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Hamlet Sworn In As Pittsburgh Public Schools Superintendent

Sarah Schneider
90.5 WESA

Superintendent Anthony Hamlet started his first official day as Pittsburgh Public Schools' newest leader by apologizing for the "unintended distraction" caused by allegations of misrepresentation and plagiarism riddling his resume.

I regret the concerns that arose around my arrival,” he said. “I apologize to the board, parents, teachers and the community for this unintended distraction. However, together we need to restore our attention to what matters most: Pittsburgh schools' children."

The swearing-in celebration led by Allegheny Common Pleas Judge Joseph Williams came two days after the nine-member school board voted 7-2 to retain the former Florida educator with a five-year, $210,000 annual contract.

Hamlet was hired May 18 in a unanimous decision after a five-month national search. Days later, figures used in his resume were found to differ from those reported by the Florida Department of Education. Reports also claimed instances of plagiarism. 

Hamlet admitted to fudging one number and explained his reasoning to board members in June. Former prosecutor Laurel Brandstetter presented a 130-page commissioned report vetting Hamlet's resume an hour before Wednesday's vote. 

According to the report released to the public on Friday, Hamlet submitted two resumes to the board.

Credit Sarah Schneider / 90.5 WESA
90.5 WESA
Pittsburgh Public Schools Superintendent Anthony Hamlet is sworn in by Allegheny Common Pleas Judge Joseph Williams Friday at the district's main office in Oakland.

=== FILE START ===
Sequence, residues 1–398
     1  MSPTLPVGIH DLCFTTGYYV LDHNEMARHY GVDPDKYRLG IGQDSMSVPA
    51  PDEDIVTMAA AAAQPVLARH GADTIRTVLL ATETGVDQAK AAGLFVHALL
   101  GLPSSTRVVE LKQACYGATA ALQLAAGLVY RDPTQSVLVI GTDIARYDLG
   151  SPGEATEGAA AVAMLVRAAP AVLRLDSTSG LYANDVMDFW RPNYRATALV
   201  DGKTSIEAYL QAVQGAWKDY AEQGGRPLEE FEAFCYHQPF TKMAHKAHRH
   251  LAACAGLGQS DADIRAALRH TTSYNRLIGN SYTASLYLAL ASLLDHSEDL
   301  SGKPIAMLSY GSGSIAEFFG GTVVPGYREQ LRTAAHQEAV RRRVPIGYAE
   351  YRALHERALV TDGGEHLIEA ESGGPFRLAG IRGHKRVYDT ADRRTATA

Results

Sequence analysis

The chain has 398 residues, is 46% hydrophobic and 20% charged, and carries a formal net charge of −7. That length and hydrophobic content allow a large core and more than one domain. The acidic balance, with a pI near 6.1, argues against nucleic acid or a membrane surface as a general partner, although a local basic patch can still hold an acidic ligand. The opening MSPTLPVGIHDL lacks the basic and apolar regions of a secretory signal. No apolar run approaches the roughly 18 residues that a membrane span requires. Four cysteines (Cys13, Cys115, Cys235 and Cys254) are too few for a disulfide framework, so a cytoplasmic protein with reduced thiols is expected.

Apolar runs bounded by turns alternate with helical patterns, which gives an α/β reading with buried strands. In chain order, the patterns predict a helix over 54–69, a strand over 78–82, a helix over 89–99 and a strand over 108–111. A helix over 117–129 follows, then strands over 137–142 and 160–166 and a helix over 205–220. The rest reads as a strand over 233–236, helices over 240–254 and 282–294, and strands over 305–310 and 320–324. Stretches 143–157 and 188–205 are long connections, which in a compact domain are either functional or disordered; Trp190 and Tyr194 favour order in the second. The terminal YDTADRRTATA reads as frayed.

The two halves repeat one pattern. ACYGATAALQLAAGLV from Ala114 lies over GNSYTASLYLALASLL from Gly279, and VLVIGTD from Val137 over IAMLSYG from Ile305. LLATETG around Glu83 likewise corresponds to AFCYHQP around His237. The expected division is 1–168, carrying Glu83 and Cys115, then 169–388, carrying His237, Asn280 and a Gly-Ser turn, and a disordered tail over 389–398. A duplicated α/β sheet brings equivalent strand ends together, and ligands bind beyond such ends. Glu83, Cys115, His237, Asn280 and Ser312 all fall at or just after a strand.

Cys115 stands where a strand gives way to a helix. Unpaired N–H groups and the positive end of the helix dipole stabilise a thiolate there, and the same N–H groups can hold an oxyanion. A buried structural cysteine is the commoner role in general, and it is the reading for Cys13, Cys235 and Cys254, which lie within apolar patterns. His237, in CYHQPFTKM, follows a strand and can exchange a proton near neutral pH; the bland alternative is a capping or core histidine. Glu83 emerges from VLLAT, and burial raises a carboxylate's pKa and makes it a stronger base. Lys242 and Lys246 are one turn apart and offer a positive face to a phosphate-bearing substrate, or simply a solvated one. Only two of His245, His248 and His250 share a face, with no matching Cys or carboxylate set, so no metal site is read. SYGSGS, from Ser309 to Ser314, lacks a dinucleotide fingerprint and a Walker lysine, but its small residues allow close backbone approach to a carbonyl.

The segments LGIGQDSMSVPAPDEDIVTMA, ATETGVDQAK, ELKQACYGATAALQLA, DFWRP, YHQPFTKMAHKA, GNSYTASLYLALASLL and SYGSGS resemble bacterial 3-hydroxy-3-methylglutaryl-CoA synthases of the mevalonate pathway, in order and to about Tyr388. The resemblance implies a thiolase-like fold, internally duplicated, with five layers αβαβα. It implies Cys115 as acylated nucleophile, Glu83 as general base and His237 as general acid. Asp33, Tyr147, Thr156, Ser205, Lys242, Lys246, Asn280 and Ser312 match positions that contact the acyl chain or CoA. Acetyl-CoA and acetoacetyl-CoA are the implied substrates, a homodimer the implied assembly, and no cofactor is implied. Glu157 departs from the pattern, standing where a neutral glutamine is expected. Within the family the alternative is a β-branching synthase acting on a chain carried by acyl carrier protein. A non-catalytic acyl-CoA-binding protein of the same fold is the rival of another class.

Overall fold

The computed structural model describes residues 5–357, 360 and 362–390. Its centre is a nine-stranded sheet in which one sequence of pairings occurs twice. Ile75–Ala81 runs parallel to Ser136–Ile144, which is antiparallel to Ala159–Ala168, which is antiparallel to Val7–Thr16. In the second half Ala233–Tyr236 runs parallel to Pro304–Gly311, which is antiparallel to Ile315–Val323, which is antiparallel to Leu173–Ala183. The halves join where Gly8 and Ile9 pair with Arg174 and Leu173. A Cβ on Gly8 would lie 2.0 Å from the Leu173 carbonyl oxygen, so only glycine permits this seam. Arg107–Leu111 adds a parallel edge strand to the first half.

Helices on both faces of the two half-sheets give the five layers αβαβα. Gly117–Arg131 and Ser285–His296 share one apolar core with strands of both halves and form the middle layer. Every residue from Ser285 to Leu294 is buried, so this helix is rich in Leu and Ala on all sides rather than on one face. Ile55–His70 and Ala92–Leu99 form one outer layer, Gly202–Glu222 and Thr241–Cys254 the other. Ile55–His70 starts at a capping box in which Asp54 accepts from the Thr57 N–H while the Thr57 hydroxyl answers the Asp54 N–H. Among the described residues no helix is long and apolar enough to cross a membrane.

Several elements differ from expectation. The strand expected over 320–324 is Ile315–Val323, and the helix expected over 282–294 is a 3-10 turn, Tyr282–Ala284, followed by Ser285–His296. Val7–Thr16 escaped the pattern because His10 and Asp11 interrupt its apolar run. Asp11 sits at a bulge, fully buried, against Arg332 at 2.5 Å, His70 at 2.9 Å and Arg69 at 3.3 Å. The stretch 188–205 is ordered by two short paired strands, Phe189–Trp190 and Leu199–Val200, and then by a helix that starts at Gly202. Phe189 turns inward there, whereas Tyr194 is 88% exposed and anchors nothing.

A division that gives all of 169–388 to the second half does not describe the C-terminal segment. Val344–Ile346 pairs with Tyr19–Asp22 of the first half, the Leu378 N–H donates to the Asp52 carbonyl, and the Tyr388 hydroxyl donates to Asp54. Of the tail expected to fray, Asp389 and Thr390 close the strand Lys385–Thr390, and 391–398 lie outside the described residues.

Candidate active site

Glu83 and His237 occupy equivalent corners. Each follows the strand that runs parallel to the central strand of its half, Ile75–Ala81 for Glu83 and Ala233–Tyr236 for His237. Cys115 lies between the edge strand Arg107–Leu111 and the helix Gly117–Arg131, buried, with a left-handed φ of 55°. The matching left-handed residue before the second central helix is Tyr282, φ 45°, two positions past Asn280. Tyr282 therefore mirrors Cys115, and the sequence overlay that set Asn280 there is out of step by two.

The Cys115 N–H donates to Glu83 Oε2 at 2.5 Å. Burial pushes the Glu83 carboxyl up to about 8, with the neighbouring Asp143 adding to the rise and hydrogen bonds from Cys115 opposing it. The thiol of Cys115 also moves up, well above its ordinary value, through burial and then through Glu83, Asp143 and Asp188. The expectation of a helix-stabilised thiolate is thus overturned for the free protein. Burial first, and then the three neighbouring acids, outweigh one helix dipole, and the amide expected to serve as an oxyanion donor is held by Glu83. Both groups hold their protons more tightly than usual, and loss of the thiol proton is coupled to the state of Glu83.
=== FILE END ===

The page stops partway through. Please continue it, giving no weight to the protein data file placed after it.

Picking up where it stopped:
“On March 1, 2016, the first resume is received in Dr. Hamlet’s application packet by the District. Sometime thereafter, a second resume with significant changes surfaced,” according to the report. Brandstetter said in the report that "questions remain" whether the second resume was only provided to media outlets.

The report also said inaccuracies relating to school grades, graduation rates and suspensions were “primarily the result of typos, inaccurate verbiage, and lack of clarity or precision in his resumes.”

Brandstetter writes that plagiarism is not a crime but rather reflects, “a community’s norms or standards.”

“It seems clear that the larger the amount of copying or quoting without attribution, the more likely it is to amount to plagiarism,” according to the report.

Brandstetter said she spoke to several people in higher education about intellectual property and reviewed best practices for resume writing during her investigation.

“The consensus was that one sentence is enough to constitute plagiarism and that plagiarism in a resume is a top concern of potential employers,” according to the report.

Hamlet told the board, and through his legal counsel, also told Brandstetter, that he did not intentionally plagiarize.

“Dr. Hamlet does not address the impact of his actions upon the students of the district or in his ability to establish policy and address instances of plagiarism within the district,” the report states.

The report found Hamlet’s resume to be “fraught with errors relating to dates of employment.”

Hamlet said his 90-day plan involves learning the needs of the district and listening to students, parents and teachers.

“By looking, listening and learning and doing a lot of reading about what’s going on, asking about specific programing like curriculum, things of that nature – you’ll begin to understand what needs to be changed, what needs to stay the same, what needs to be supported,” he said. “Definitely looking to build upon my predecessor’s foundation that she’s laid in place.”

Hamlet said he will reach out to leaders in the community whether or they’ve been supportive of his hire.

“I’m excited to work with the board and the community and will reach out to bridge divides so that together we can address our needs of our students and help them achieve their dreams,” he said. “I’ll be meeting one on one with stakeholders and holding community meetings.”

Sarah Schneider is WESA's education reporter. From early learning to higher education, Sarah is interested in students and educators working to create more equitable systems. Sarah previously worked with news outlets in Pennsylvania, Illinois and Idaho. She is a graduate of Southern Illinois University Carbondale where she worked for the school newspaper, the Daily Egyptian.